Eagle Academy For Young Men Of Newark, New Jersey's Only All-Boys Public School, Elicits Praise, Criticism

Last month marked the grand opening of the Eagle Academy for Young Men of Newark, the city’s first and only public, single-sex school.

The academy is one of Newark’s newest public schools and is part of an effort to transform the district by closing underperforming schools, replacing principals and opening new schools boasting innovative programs.

The Star-Ledger reports that while the all-boys school is run by Newark's school district, it is supported by the New York City-based Eagle Academy Foundation, which provides resources and community programs to three all-boys institutions in New York in addition to Newark’s Eagle Academy. According to the state Department of Education, the foundation’s schools boasted a high school graduation rate of 87 percent in 2010, compared with Newark’s 61 percent in 2011.

Many parents have praised the type of education their sons are receiving at Eagle Academy, telling the Star-Ledger the setting is conducive to the boys focusing on their studies.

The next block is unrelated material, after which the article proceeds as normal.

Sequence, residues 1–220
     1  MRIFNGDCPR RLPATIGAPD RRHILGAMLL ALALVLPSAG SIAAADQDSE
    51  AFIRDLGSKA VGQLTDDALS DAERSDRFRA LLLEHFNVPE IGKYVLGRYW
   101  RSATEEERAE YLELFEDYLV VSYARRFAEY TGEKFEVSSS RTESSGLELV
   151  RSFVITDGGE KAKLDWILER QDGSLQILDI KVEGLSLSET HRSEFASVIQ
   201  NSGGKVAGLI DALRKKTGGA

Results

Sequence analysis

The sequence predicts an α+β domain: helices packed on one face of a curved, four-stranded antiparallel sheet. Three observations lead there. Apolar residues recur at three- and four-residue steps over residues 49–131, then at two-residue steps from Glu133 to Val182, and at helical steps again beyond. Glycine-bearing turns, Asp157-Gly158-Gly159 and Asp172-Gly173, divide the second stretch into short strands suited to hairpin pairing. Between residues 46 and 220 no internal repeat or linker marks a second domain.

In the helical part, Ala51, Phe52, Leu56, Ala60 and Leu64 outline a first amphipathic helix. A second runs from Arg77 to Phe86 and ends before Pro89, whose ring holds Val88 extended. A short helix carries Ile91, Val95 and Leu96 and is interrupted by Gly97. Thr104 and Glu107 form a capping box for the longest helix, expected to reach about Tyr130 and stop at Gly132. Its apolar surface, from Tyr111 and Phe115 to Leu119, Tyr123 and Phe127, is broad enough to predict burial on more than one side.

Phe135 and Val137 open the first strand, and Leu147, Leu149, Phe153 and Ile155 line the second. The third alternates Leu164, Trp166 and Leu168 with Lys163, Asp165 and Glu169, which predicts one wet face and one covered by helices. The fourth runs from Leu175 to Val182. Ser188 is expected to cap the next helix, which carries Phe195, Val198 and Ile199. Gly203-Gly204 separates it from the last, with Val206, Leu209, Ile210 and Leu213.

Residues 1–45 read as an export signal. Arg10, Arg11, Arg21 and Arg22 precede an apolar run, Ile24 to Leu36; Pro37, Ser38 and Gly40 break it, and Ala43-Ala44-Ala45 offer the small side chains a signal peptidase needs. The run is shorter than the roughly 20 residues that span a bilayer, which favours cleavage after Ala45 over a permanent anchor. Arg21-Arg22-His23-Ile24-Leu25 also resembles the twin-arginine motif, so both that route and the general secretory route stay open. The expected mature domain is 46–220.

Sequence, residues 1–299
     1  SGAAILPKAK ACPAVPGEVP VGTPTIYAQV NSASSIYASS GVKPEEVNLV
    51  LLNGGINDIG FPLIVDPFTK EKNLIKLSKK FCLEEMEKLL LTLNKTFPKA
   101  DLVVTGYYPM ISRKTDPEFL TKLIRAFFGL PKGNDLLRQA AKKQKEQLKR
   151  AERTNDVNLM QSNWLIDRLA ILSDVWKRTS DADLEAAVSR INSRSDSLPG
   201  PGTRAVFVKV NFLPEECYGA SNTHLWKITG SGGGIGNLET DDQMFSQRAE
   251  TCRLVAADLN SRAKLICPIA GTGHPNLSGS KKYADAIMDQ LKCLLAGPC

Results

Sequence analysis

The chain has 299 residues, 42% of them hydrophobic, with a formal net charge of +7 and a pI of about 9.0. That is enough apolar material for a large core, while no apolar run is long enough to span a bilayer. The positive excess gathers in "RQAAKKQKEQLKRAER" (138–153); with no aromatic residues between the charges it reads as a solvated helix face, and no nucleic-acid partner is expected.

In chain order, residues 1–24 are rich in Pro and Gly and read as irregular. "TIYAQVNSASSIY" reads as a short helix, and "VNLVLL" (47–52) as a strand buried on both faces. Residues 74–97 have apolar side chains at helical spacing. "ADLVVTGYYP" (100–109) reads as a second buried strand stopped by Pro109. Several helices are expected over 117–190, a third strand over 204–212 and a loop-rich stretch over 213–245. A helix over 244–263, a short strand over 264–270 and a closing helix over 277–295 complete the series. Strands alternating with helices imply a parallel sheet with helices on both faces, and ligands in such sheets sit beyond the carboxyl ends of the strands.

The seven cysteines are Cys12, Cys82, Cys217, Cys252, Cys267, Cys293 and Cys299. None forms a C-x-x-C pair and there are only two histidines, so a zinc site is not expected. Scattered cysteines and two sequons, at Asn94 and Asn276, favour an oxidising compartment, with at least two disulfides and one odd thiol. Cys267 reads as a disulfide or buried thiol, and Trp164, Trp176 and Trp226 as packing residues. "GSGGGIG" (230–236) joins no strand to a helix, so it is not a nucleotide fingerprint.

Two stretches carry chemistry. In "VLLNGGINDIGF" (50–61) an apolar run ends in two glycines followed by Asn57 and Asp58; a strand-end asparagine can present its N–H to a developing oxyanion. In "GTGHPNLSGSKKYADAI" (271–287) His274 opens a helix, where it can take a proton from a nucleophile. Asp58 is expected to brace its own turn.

The school also includes an 8-5 schedule during the week, with four hours of classes on Saturdays.

Not all are on board with segregating boys from girls in the classroom, however. The American Civil Liberties Union of New Jersey maintains that if Eagle Academy’s rigorous curriculum holds such promise, it should not be limited to one gender.

A Newark public schools spokesperson says, however, that the district intends to open an all-girls school in September.

Meanwhile, officials say Eagle Academy will eventually include grades 6-12. According to the school’s website, it currently serves two incoming classes in the sixth and seventh grades, amounting to around 160 students.

While single sex public schools are still uncommon, single-sex classes have been on the rise since 2006, when the U.S. Education Department eased restrictions. According to the National Association for Single Sex Public Education, only about a dozen schools separated boys and girls in 2002. Now, an estimated 500 public schools nationwide offer some all-boy and all-girl classrooms.

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